My current project. A novel. It has nothing to do with Foucault, though Simeon Wade has a doppleganger in the story.

the desert (first draft)

I ducked under an overhang where there was a tiny carpet of shade and twisted out from the straps of my pack. Opening it, I found one, two empty liter bottles of water and two more, full. I lined these up carefully in the shade. I pulled out my phone and turned it on – no signal; I thought not. Switched it off again. Returned it to its plastic bag. Lined it up next to the water. My topographic map. Sun screen. Energy bars, six of them. Headlamp. Fleece (ha, as if). My knife, the smaller one. All lined up on the dirt, looking efficient, except for the empty water bottles, which still had me spooked. Finally, my grandmother’s teeth, her last set, in an Altoids container. I planned to leave these at the cabin once I got there. Maybe then she would stop haunting me, and I could rest.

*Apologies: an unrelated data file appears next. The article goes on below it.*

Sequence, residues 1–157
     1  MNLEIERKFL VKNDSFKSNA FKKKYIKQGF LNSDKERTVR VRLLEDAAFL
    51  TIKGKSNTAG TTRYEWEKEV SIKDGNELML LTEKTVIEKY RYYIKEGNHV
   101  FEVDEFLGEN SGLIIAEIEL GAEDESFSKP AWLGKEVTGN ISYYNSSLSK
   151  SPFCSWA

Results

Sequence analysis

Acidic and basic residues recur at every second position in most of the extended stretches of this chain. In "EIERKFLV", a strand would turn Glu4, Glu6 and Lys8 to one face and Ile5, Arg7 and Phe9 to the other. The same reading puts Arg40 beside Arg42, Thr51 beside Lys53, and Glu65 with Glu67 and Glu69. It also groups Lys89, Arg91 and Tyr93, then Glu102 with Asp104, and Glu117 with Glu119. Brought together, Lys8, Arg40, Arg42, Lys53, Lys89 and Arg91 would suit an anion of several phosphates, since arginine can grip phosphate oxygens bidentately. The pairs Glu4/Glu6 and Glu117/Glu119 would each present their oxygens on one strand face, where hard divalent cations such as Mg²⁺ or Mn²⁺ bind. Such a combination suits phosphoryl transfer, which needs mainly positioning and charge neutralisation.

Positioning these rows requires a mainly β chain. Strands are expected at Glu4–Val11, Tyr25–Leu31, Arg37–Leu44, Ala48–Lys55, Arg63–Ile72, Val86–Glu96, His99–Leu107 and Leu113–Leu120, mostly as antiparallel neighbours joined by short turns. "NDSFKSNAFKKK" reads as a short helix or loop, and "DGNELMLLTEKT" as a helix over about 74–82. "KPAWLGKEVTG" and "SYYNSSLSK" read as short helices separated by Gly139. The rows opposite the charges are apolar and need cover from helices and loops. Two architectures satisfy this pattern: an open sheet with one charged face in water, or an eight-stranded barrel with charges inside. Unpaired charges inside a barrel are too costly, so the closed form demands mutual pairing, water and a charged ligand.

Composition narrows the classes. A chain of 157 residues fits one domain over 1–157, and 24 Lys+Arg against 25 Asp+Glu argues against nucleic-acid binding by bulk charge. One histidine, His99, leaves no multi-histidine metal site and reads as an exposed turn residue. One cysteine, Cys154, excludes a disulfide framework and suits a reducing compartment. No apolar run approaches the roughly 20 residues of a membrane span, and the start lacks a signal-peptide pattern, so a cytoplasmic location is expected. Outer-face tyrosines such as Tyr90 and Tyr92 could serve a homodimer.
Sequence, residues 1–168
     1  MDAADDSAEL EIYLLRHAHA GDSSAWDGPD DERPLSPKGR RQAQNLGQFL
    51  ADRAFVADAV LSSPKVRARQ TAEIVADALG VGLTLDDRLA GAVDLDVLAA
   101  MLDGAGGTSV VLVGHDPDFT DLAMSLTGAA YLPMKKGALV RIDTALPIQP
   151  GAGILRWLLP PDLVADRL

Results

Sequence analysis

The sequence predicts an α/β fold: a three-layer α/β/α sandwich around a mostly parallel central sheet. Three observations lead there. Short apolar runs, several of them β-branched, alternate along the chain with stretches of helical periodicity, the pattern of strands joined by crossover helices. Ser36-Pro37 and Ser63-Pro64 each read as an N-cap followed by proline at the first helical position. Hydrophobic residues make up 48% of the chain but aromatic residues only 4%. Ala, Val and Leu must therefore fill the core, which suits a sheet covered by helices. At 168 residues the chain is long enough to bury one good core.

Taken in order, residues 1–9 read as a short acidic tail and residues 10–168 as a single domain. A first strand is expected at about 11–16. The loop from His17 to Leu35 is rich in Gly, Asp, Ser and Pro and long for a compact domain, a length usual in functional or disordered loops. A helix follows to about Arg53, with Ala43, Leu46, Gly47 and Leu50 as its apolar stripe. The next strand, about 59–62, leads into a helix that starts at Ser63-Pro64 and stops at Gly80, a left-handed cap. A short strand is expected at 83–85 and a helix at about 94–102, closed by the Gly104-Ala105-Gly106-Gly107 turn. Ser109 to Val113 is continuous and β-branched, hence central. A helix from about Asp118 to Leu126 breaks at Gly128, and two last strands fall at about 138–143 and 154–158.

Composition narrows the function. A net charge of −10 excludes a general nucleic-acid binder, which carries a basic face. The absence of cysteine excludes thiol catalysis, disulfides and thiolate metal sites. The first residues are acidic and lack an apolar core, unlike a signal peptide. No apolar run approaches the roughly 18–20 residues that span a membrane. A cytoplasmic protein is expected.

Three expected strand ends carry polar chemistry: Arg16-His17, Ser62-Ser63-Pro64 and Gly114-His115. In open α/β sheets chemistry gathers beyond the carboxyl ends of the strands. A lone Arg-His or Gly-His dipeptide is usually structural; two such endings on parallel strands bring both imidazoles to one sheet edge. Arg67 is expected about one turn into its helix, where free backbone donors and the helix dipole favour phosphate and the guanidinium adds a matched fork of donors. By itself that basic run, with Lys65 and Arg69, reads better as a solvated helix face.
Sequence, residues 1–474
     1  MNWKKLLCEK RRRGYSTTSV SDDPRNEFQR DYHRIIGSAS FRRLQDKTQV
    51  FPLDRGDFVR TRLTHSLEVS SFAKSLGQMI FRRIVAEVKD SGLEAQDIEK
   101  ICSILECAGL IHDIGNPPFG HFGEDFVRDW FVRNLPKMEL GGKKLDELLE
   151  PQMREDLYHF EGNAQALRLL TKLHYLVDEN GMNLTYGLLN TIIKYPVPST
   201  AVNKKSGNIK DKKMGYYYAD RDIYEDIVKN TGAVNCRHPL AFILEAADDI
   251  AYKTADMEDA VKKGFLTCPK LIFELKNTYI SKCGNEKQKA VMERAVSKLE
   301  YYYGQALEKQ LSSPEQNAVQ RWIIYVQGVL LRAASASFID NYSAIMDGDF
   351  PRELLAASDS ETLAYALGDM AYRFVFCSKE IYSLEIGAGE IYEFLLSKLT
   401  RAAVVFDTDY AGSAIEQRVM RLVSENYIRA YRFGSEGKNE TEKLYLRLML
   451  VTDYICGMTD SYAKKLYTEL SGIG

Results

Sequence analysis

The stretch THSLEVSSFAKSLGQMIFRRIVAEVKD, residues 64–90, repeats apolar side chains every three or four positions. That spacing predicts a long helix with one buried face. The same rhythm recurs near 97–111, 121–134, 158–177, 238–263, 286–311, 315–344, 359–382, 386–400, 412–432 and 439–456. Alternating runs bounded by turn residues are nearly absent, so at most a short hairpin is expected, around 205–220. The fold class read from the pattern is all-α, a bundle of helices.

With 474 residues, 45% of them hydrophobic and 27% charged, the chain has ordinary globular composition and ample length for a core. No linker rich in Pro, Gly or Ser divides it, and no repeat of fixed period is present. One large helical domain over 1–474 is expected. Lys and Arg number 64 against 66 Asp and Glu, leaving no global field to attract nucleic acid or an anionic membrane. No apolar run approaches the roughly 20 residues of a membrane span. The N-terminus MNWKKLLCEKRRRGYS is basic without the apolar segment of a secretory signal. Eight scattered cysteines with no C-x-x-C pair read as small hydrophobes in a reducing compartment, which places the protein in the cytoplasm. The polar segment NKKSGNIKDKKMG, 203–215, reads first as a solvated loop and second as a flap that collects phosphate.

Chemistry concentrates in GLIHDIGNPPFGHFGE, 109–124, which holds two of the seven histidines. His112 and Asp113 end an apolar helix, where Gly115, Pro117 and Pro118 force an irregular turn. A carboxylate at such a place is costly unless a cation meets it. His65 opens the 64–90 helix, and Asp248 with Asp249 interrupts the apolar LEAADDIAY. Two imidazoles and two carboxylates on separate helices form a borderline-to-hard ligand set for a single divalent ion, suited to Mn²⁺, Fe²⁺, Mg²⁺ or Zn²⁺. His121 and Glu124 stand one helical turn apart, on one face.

It looked okay, my kit. I could get to the cabin in an hour, according to the topo map, and after resting should be able to get back out to my car by dark. As long as I kept moving. As long as my ankles didn’t swell to grapefruit size. As long as I didn’t trip over my clumsy feet, break something and die of thirst. At least the way back to the car was downhill. Maybe I could roll down. Ha ha.

I leaned back against the rough face of the butte and closed my eyes. It was a still day, and with my eyes shut, the silence pressed on me. I found this comforting of course, as it reminded me of home, where all noise is muffled and you are always surrounded by heaviness. And then I heard the high, squealing voices of children. The voices swept over me, incomprehensible and swarming, reminding me of a school of panicked fish. Tones, twisting.

Mimi’s teeth rattled in the Altoids box as I pushed everything into my pack and snapped the plastic clasps shut. I stood up warily, scanning the road ahead and behind, the scrub along the road, and then the horizon along the butte. I saw no one. But even as a youngster in the Florida swamp I’d heard about Charlie Manson and his hideout in Barker Ranch. I don’t believe in karma, necessarily, but I do believe that the unhinged and murderous are called to the desert. So I was not going to risk being overtaken by some squealing children’s desert cult unaware. I knelt in the road and put my hands over my eyes and imagined that I was underwater. I clicked once, twice, and listened with my inner ear, as the sound rolled up the butte and across the dusty valley.

so so so rough